Jean Kennedy Smith, last surviving sibling of JFK, dies at 92

Jean Kennedy Smith was a US ambassador to Ireland during the administration of President Bill Clinton.
Jean Kennedy Smith was a US ambassador to Ireland during the administration of President Bill Clinton.PHOTO: EPA-EFE

WASHINGTON (BLOOMBERG) - Jean Kennedy Smith, the last surviving member of a political family's remarkable generation that produced three US senators, one of whom became president, has died. She was 92.

Her daughter Kym told the New York Times that Mrs Smith died on Wednesday (June 17) at her longtime home in Manhattan.

Mrs Smith's five-year tenure as US ambassador to Ireland during the administration of President Bill Clinton added to her family's long resume of public service. Brothers John, Robert and Edward Kennedy all won election to the Senate, with John going on to the presidency. Sister Eunice Kennedy Shriver founded the Special Olympics, and Eunice's husband, Sargent Shriver, was the Democratic nominee for vice president in 1972.

The deaths of Eunice and Edward Kennedy in a two-week span in August 2009 left Jean as the last survivor among the nine children born to Joseph Kennedy, onetime US ambassador to Britain, and his wife, Rose. She was their youngest daughter and eighth child.

She was the founder of Very Special Arts, an affiliate of the John F. Kennedy Centre for the Performing Arts in Washington, which supports arts programmes for people with disabilities. She profiled artists who overcame disabilities in "Chronicles of Courage: Very Special Artists", a 1993 book she wrote with George Plimpton.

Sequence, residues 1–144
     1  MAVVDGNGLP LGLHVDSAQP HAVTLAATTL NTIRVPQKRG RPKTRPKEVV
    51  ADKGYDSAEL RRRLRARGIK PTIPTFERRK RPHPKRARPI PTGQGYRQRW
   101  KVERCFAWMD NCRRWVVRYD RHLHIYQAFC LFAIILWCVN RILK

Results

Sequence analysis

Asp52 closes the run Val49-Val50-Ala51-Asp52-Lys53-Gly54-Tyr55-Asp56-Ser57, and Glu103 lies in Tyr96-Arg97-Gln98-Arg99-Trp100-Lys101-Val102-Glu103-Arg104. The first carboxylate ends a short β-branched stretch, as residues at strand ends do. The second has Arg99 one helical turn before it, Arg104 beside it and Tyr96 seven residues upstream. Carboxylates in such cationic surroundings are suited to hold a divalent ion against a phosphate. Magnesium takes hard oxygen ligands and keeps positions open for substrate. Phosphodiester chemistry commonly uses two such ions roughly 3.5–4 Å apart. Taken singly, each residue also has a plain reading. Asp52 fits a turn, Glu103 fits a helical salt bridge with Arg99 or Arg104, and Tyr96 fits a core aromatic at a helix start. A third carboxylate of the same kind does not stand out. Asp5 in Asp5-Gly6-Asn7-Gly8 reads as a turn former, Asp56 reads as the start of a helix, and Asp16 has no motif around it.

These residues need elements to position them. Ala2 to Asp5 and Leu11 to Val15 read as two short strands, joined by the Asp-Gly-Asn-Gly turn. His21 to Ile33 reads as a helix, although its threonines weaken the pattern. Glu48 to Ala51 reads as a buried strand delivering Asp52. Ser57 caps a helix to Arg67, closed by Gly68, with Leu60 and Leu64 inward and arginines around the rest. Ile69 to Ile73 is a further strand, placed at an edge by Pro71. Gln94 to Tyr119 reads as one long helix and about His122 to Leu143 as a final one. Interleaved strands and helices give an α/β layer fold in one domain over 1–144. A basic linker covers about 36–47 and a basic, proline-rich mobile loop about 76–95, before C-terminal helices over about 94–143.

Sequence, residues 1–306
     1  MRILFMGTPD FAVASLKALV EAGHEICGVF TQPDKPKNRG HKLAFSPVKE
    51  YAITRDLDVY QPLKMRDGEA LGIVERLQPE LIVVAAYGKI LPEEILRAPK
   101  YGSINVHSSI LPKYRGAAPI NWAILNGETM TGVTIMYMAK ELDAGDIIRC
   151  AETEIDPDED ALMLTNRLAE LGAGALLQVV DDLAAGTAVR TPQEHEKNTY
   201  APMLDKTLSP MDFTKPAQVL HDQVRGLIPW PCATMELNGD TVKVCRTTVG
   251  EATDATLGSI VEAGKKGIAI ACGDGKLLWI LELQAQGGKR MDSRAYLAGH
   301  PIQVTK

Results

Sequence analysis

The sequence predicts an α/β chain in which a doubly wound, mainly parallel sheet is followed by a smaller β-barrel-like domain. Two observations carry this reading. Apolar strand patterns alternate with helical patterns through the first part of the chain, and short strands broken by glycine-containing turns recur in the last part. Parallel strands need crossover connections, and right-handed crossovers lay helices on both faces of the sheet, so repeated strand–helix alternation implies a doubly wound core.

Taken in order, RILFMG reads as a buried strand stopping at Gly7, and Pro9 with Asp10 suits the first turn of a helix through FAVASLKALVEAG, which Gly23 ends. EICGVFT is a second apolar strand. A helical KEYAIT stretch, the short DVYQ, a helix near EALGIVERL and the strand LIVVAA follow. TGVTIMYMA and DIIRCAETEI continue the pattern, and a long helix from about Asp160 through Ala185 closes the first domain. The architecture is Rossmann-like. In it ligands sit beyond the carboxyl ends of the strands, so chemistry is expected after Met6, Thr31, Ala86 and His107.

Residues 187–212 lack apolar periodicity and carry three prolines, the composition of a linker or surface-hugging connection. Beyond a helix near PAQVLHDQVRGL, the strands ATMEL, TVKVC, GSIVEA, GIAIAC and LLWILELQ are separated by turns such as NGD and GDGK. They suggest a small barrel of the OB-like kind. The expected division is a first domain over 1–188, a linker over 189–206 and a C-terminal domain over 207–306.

Mrs Smith accompanied her brother John on his presidential visit to Ireland, the Kennedy ancestral homeland, in 1963, five months before he was assassinated.

As ambassador, she riled some American officials by appearing to side with Northern Ireland in its longstanding, violent revolt against British rule. She helped persuade the Clinton administration to permit a 1994 visit to the US by Gerry Adams, head of Sinn Fein, the political arm of the Irish Republican Army.

The Good Friday Agreement of 1998, which established power-sharing in Northern Ireland, was signed months before she returned to the United States.

Commenting on her role, she said: "I was fortunate to be here to perhaps add momentum to what was happening."

Jean Ann Kennedy was born on Feb 20, 1928, in Brookline, Massachusetts. After attending Sacred Heart schools in Britain and the US, she graduated with a degree in English from Manhattanville College in Purchase, New York.


In 1956, she married Stephen E. Smith, an executive of a transportation company. He managed the campaigns of the Kennedy brothers before his death in 1990. They had four children: William, Stephen Jr., Amanda and Kym.

At the urging of her brother Edward, Mr Clinton nominated Mrs Smith as ambassador to Ireland in 1993. Based in Dublin, she held the role for more than five years as Ireland and Britain moved toward a resolution to decades of sectarian violence.

As ambassador, Mrs Smith visited Northern Ireland - part of Britain, so not part of her portfolio - "to the annoyance of senior American diplomats in London, who felt that it was useless to talk to the Irish Republican Army about peace", the New York Times reported in 1998. In her push for peace, Mrs Smith went so far as to remove embassy personnel who disagreed with her views, earning a reprimand from the US State Department, the Times said.


"The Irish people were willing to take me at face value, to give me the benefit of the doubt because I was a Kennedy," she told the newspaper in an interview as her term ended. "I think being a Kennedy was extremely helpful."